Piano Trio: Part Three
In our last two posts we've been charting the history of the piano trio. In the first instalment we explored the piano trio's origins in the mid-18th century and the works of Haydn, Mozart and the young Beethoven. In the second, we surveyed some major works for piano trio in the 19th century, from Beethoven and Schubert to Tchaikovsky and Debussy.
Now in this, our final instalment, we're going to cast our ears over the 20th and early 21st centuries. As you might imagine, the piano trio's history since 1900 has reflected that of music history generally: individuality, experimentation and new ideas abound. And speaking of individuality, experimentation and new ideas, there's no better place to start that with the piano trio of that innovative American, Charles Ives.
Ives's piano trio was written between 1904 and 1911 and it displays all the trademark features of this fascinating, unclassifiable composer. It blends disparate ideas, it uses hymn tunes and popular songs in unconventional ways, and it makes us sit up and take notice. There's even a joke of sorts in the second movement, a scherzo. The word scherzo literally means "joke", and Ives gives the movement a title comprising five letters: TSIAJ. It doesn't take long to work out they stand for "This Scherzo Is A Joke". [listen]
On the other side of the Atlantic, Maurice Ravel worked on his own piano trio around the same time as Ives was writing his. He had been writing it in a piecemeal fashion since 1908 but worked on it in earnest to finish it in 1914 in order for him to contribute in person to the war effort. It was premiered in January 1915.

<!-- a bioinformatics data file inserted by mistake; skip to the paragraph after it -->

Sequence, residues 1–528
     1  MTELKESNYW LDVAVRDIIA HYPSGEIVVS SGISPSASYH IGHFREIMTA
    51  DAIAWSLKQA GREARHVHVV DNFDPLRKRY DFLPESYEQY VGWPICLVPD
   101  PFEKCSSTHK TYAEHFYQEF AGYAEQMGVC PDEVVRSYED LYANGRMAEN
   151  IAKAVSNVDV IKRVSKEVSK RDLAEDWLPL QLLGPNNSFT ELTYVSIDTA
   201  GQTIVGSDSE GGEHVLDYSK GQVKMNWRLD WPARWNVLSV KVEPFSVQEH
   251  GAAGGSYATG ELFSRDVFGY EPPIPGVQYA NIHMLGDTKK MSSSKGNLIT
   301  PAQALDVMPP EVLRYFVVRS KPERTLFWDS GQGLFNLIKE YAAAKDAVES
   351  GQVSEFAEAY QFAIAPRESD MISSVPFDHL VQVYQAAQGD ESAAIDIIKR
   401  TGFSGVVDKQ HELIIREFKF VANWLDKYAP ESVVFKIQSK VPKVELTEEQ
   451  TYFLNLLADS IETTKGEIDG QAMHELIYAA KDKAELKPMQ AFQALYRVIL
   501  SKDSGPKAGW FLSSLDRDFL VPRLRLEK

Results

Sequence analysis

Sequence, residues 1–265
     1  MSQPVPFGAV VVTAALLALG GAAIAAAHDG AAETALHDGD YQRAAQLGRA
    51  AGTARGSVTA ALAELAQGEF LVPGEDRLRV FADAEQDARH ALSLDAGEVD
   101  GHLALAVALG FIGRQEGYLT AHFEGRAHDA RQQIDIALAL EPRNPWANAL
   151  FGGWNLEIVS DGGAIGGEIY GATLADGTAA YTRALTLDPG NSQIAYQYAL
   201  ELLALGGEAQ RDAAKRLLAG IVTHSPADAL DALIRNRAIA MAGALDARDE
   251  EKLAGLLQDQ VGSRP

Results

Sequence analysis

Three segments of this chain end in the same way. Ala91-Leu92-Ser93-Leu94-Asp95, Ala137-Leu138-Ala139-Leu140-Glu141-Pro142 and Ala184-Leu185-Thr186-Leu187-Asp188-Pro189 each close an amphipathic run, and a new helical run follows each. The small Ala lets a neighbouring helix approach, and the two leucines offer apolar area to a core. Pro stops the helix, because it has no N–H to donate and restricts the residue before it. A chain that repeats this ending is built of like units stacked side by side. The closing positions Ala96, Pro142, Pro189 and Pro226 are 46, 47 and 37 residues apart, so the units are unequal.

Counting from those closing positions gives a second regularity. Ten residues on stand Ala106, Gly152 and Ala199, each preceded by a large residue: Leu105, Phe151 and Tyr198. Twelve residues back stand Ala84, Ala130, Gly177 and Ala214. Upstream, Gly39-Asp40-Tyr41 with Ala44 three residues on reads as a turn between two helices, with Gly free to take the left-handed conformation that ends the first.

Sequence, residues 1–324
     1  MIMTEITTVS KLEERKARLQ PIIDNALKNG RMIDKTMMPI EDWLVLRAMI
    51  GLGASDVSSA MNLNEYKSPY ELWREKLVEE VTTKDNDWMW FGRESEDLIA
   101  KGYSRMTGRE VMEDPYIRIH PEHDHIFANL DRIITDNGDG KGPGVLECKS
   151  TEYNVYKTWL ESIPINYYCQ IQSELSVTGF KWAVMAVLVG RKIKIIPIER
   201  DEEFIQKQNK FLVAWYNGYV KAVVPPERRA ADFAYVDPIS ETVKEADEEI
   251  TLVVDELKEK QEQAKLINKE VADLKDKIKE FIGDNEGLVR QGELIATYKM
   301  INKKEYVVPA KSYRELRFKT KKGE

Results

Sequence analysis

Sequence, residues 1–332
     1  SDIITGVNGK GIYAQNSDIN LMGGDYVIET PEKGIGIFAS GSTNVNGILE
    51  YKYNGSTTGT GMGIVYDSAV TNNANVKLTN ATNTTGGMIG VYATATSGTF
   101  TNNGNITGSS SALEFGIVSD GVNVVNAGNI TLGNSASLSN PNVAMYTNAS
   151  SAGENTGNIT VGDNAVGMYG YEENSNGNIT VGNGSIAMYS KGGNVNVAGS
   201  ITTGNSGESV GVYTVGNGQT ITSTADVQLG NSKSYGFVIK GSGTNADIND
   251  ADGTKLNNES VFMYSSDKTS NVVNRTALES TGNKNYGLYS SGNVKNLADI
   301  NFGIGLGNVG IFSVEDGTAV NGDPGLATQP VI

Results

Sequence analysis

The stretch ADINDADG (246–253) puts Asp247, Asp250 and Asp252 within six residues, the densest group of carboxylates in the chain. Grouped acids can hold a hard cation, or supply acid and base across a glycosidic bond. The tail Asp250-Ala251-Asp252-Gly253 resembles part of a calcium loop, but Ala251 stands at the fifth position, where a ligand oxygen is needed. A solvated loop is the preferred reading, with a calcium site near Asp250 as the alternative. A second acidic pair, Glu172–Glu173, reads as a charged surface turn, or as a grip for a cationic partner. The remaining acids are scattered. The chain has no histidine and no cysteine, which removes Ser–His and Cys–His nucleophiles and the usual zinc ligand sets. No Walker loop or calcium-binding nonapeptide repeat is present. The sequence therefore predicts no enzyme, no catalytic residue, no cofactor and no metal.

Ravel's trio consciously works at the issue of making sure the cello is not overpowered by the violin or piano. Part of the solution involved writing for the cello at the extremes of its register. The resulting work is full of technical demands for all three players, but this virtuosity never comes at the expense of sheer beauty. The Ravel trio stands as one of the truly great 20th century chamber works. [listen]
It's fascinating to compare the elegant yet modern French style of Ravel with the equally elegant but much older French style of Gabriel Fauré in his piano trio. Fauré was 30 years older than Ravel, one of the father figures of the French musical establishment, and even though Fauré's piano trio was written in the early 1920s (nearly a decade after Ravel's) it is most definitely a work born of an earlier generation.
This is not in any way to denigrate Fauré's trio; it's a glorious piece. It's just that it was one of Fauré's last works, completed the year before he died at the age of 79, and it's a work written by a master of the late Romantic style. Interestingly, Fauré's last two works were his only string quartet and his only piano trio, as if he used these two works in the pre-eminent chamber music genres to sum up his life's work. [listen]
The lush Romanticism of Fauré's trio comes as a shock after the very different lushness of Ravel's, and this underscores the immense variety of styles which have coexisted in music since the start of the 20th century. Generational differences explain the contrast between Ravel and Fauré, and that may also explain the contrast which is obvious in the two next works, composed within a few years of Fauré's trio.